Tuesday, December 31, 2013

Tombstone Tuesday ~ Simche Seigel, 1919

A couple of years ago, my husband and I explored Tifereth Israel Cemetery in Woodbine, New Jersey, looking for the gravestone of Simche Seigel, his second great grandfather and had no luck.

Well it turns out the gravestone was all in Hebrew.

Photo courtesy L. Seigle, via R. Seigle, Jerusalem
A third cousin of my husband was in the southern New Jersey area in September and took this photograph. Her father, who previously shared Simche's death certificate with me, sent me this photo and his translation:
"My eyes were like springs of water because of my dear and honorable husbands death Rabbi Simcha son of Yehuda Seigle (סיגעל). Passed away in old age. Died on second and buried on third of Tamuz in year 5679."
He also notes that "The numbers slightly do not match as the second of Tamuz is about 1 July and on the death certificate his death is July 7th."

I shared the image at JewishGen's ViewMate and got a slightly different translation from Lara Diamond of Lara's Family Search blog:
"Fountains of water fall from my eyes
On the death of my husband
The dear and honored Reb
Simcha son of Yehuda Siegel
What like sleep his rest
On the 20th day and was buried on the ?? day
Of the month of Tamuz in the year 5679
May his soul dwell in everlasting life"
Another translation from Sheindle Cohen at ViewMate:
"Streams of water shed from my eyes
On the death of my husband
The dear and honorable Reb
Simcha son of Reb Yehuda Segal
[Who]died in good old age on day Two (Monday)
and was buried on day Three (Tuesday)
10th(?)day of the month of Tamuz
Year 5679
May His Soul Be Bound in the Bindings of Life"
Monday, July 7, 1919, corresponds to 9 Tamuz 5679, so "Day Two" (two days after Shabbat) makes sense, and he was likely buried on July 8, which was 10 Tamuz 5679.

There is something to be found in each of these translations, and I thank everyone for their assistance.

Tuesday, December 17, 2013

Tombstone Tuesday ~ Sam and Sadie Handler

Photo credit Alan Simon

Shalom son of Aaron (I think; at least that's what it should read).
Sam Handler
Husband - Father
1887 - 1954

See his Find A Grave Memorial with additional pictures and links to family members. His death certificate names his father as Arthur.

Photo credit Alan Simon

And his wife, Sadie, who outlived Sam by over 30 years. Link to her Find A Grave Memorial.

Friday, December 13, 2013

Y-DNA and Haplogroup Result

There are a few different companies that do DNA testing for genealogy. I have written before about my experience using AncestryDNA, first at AncestryDNA - One Jewish Result, then at AncestryDNA Updates Ethnicity Results ~ Jewish Results. AncestryDNA does autosomal testing, which means it is a test that provides a breakdown of one's ethnic percentages, to find out where all your ancestors may have come from going back hundreds of years. However, you don't know which ancestors (maternal or paternal or your mother's grandfather) these ethnic percentages apply to.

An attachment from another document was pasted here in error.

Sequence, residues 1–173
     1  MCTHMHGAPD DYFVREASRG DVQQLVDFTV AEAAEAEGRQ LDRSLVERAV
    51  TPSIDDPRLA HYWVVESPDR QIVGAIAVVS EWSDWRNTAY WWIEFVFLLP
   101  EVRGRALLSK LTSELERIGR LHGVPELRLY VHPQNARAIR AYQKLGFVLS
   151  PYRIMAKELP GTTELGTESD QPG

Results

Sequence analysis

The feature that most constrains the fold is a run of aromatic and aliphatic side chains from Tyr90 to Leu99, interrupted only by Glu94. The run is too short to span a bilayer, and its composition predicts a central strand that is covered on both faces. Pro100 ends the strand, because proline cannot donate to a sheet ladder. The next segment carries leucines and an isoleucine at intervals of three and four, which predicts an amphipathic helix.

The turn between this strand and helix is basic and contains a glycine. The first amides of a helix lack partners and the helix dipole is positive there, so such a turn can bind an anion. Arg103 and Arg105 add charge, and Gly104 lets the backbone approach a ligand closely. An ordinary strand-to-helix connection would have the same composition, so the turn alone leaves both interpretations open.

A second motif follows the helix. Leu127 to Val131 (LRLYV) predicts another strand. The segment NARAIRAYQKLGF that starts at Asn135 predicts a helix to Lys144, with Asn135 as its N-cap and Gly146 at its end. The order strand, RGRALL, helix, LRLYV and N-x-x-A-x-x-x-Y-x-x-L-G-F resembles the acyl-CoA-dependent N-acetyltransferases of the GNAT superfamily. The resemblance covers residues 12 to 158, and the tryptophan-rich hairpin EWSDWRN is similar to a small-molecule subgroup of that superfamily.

Family Tree DNA is another testing company which does Y-DNA testing and mtDNA testing, in addition to autosomal DNA testing.

Y-DNA testing, which only men can take, traces a man's father's father's father's line, which can be used for surname studies for men trying to confirm if they descend from the same man (assuming the surname has remained the same over the years). This doesn't really apply to Jewish genealogy, as surnames do not apply for enough generations to go back very far.

Then mtDNA (maternal) testing, which traces a person's (either male or female) maternal ancestors (mother's mother's mother, etc.), lets that person know what his or her maternal origins are 20,000 to 100,000 years ago.

Awhile ago, I had my husband take the Y-DNA test (at 37 markers), and the results show that his haplogroup is R-M198, also known as R1a1a. [Update: this has been updated and his haplogroup is now identified as R-M512.]

According to my notes from Bennett Greenspan's talk at the IAJGS Conference in August, this Haplogroup goes back to Eastern Europe or Western Asia. Half of Levites are in this Haplogroup, so the story that has been passed down orally in my husband's father's family that they are Levites is supported by this testing result. It has been suggested (via Wikipedia) that the R1a1 Haplogroup originated about 21,000 years ago in southern Russia. This Haplogroup is most often associated with Russians, Hungarians, Poles, Ukrainians and Belarusians (also Wikipedia).

Below is a screenshot of the map that shows where the R Haplogroup split and then where R1a ended up - in Eastern Europe.

My husband's grandfather, Joseph Handler (1884-1947) was born in Ilok, formerly in Hungary, then Yugoslavia, now in Croatia. I know nothing more about his father than his name was Aaron (or Adolf, or Arthur), that he was believed to have been born in Yugoslavia (based on that notation on the death certificates of his sons, Joseph and Sam), and that his Y-DNA was the same as my husband's.

For better explanations of genetic genealogy, visit Your Genetic Genealogist blog, written by CeCe Moore. She also wrote an article for Geni.com explaining Y-DNA testing, where she explains it much better than I ever could.